While our March Music Madness bracket is meant to be fun musical discovery for listeners of all ages, it can be an especially good resource for home enrichment.
In light of school closures and more families seeking home learning, we want to pass along some curriculum materials that we built for the March Music Madness program. While they’re fun for all ages, these specific sheets were designed for middle-school students.
This year’s bracket included music for wind ensemble, and last year we featured orchestral music. Both of them include 32 pieces, all matched up for some thematic similarity. We have attached both here. Even though last year’s tournament is over, and this year’s is down to the final four, there’s no reason your family can’t have their own tournament at home.
Click on either year to download a PDF printable bracket.
All of these pieces are an opportunity for active listening. We created a listening guide that can actually be used for any piece of music; it doesn’t even just have to be classical.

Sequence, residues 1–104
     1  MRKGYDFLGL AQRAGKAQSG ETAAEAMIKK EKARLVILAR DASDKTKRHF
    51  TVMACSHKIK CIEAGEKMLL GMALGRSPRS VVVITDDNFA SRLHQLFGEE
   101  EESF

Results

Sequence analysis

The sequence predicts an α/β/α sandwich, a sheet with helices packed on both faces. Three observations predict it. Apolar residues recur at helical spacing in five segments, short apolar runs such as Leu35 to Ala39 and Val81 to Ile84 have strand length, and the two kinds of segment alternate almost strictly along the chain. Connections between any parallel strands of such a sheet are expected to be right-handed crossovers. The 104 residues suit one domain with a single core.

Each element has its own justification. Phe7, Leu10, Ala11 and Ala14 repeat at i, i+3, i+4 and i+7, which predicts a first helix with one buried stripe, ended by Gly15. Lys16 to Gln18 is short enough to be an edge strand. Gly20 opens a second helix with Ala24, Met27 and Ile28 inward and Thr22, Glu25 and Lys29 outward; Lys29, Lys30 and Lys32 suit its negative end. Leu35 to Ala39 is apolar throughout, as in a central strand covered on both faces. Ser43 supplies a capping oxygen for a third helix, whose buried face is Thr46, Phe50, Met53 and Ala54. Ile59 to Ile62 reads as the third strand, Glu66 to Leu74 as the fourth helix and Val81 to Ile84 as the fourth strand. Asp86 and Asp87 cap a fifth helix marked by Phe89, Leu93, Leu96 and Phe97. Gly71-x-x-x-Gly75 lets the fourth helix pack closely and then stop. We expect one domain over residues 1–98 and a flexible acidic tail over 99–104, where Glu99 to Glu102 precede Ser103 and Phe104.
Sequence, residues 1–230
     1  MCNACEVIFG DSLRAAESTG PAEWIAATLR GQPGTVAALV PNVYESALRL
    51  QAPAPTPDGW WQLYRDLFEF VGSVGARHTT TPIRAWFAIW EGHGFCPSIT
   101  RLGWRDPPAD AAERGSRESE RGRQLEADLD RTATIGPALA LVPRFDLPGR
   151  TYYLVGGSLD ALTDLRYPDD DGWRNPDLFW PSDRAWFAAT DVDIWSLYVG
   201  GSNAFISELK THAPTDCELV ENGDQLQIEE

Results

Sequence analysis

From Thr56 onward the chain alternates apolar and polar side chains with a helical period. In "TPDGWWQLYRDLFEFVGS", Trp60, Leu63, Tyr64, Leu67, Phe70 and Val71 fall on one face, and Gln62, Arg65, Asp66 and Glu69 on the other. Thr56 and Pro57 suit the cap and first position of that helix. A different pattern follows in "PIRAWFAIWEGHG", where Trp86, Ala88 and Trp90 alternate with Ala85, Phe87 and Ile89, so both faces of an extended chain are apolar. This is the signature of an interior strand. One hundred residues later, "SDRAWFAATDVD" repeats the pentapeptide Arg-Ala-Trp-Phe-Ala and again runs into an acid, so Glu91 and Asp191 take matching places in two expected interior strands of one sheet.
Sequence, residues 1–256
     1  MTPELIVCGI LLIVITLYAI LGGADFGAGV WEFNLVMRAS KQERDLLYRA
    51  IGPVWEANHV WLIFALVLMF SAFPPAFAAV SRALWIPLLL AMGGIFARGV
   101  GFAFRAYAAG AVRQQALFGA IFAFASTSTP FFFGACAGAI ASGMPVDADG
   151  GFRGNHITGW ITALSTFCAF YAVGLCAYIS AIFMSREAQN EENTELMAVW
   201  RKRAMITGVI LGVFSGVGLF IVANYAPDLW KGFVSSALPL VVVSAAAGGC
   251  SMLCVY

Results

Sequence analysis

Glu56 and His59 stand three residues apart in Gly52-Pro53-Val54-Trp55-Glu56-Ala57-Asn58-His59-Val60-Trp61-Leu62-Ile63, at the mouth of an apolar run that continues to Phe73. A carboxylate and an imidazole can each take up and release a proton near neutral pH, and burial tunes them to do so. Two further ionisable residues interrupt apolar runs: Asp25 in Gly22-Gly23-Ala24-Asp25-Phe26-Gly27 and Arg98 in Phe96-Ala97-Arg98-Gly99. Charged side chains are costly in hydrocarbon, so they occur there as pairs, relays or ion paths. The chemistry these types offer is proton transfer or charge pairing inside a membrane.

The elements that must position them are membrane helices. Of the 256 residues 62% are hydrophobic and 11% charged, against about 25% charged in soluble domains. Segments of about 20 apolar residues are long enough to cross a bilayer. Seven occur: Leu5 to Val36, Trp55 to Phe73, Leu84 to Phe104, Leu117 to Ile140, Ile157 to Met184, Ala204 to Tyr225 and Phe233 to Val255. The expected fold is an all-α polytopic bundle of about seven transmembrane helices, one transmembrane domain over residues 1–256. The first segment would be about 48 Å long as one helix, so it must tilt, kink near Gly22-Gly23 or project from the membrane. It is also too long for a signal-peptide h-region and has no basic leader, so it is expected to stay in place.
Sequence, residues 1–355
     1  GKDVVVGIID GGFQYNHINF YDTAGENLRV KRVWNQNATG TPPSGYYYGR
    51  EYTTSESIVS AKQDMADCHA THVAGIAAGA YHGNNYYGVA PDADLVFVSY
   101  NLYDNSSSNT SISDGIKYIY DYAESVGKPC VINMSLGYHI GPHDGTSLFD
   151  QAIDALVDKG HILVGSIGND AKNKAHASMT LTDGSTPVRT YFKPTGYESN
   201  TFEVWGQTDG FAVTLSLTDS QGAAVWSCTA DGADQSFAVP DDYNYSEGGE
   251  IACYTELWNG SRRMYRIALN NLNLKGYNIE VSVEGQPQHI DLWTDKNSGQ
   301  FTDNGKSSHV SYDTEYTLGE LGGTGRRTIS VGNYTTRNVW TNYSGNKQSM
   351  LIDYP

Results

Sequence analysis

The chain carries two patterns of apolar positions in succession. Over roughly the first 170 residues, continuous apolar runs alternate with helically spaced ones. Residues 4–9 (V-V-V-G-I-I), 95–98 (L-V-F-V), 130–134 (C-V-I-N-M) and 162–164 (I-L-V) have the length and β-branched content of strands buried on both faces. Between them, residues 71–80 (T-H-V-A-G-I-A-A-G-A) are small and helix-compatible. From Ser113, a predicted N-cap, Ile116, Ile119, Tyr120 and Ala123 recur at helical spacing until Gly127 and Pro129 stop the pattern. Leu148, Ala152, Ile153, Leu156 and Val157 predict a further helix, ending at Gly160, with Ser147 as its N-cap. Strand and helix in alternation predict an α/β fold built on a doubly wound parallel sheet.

And this is a great opportunity to take a closer look at a favorite composer, or one who you just discovered. So, with this next page, use the template to draw your new favorite composer, and fill in some fun facts. Do several and build a composer hall of fame! Hint: you can also use this worksheet for any composer, whether they are in the bracket or not.
Click on the text to download a free printable color-a-composer worksheet.
There are many other resources available online for music learning.
- WGUC in Cincinnati has a podcast called Classics for Kids. They have lesson plans on their website, as well as interactive games.
- WQXR has also begun a listening program on their website, with contributions from kids shared daily on their Instagram.
- WUOL in Louisville has a podcast called The Music Box, which teaches the fundamentals of music to kids.